Facebook then prompts them to send a message asking you to change your account to a page.

profile7

Step 8: They Confirm Report

Facebook wants them to be certain they want to submit the report:

profile8

They see this box after clicking “Confirm”:

profile9

Your profile has just been officially reported to Facebook.

What happens next?

Honestly, I have no idea.  But do you really want to wait & see?… while an hugely important part of your business’s online marketing hangs in the balance?

I assume Facebook will review the report, contact you & give you a chance to convert.

Or maybe they’ll just shut your profile down.

Or maybe they’ll do nothing.

In any case, once a person reports you, that person can’t do it again — they can only block you.

Our advice: Convert

If you’re using a Profile in the name of a business & as a business… please… STOP right now & convert your Profile to a Page!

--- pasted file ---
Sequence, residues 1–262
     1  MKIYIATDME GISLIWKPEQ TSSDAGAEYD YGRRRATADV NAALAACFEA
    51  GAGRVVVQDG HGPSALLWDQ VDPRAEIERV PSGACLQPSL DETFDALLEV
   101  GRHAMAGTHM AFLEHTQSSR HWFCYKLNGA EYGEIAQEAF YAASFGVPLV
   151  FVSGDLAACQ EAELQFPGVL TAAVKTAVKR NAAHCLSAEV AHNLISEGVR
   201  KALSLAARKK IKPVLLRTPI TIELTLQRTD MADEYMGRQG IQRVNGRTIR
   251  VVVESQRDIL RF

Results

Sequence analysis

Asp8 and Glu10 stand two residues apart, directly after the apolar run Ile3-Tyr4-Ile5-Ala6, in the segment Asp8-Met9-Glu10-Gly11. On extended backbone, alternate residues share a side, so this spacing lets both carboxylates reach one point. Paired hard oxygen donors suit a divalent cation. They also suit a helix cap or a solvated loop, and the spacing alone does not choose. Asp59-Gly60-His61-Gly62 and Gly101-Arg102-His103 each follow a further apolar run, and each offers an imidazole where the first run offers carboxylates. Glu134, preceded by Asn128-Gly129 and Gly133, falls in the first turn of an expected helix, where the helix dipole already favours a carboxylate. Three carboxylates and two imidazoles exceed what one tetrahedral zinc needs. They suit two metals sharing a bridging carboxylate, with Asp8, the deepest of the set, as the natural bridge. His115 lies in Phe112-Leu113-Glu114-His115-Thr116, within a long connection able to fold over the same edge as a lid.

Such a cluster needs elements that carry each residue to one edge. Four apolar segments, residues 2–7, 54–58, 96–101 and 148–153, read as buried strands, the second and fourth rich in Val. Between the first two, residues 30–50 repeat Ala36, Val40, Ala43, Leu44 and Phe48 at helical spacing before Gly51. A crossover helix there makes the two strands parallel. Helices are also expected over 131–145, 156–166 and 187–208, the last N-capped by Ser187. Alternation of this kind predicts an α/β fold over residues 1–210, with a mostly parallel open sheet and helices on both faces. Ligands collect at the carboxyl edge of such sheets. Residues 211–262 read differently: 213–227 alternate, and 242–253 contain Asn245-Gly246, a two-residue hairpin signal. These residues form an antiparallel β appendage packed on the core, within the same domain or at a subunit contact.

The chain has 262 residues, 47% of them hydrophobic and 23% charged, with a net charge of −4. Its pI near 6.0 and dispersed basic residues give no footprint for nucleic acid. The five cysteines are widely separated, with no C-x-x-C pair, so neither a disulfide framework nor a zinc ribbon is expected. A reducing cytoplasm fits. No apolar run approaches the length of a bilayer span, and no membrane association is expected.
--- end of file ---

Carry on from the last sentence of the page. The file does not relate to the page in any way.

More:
If you don’t, you could lose your profile & all the connections you’ve worked so hard to make over the years.

Plus, by converting to a Page, you will gain a ton of features that will help take your business to another level on Facebook.

But what if my Brand is Me?  What if I have tons of Followers?

Great question!

If your brand is you — ie. if you are a “Public Figure” (an artist, actor, politician, consultant, “guru”, lawyer, massage therapist, etc. etc.)– then I have a different recommendation:

Use both your Profile and a Fan Page!

I’ll be writing a follow-up post to this one on exactly the best way to do this — ie. how to configure each one, how to manage your posting to both, etc.

In the meantime, please let me hear from you:

  • Are you using a profile for mainly commercial purposes?
  • Do you have qualms about converting to a Page?
  • Have you actually converted a Profile to a Page?

I’d love to know your experience, so please sound off in the comments below.

About the Author:

Co-author of Facebook All-In-One for Dummies and "Ambassador of Awesome" at Post Planner, Scott became addicted to social media before even MySpace (the first time around!). Any given day he spends 20+ hours on Facebook! He's been married for 20 years and has 3 kiddos who are his world! Connect with him on Facebook and Twitter.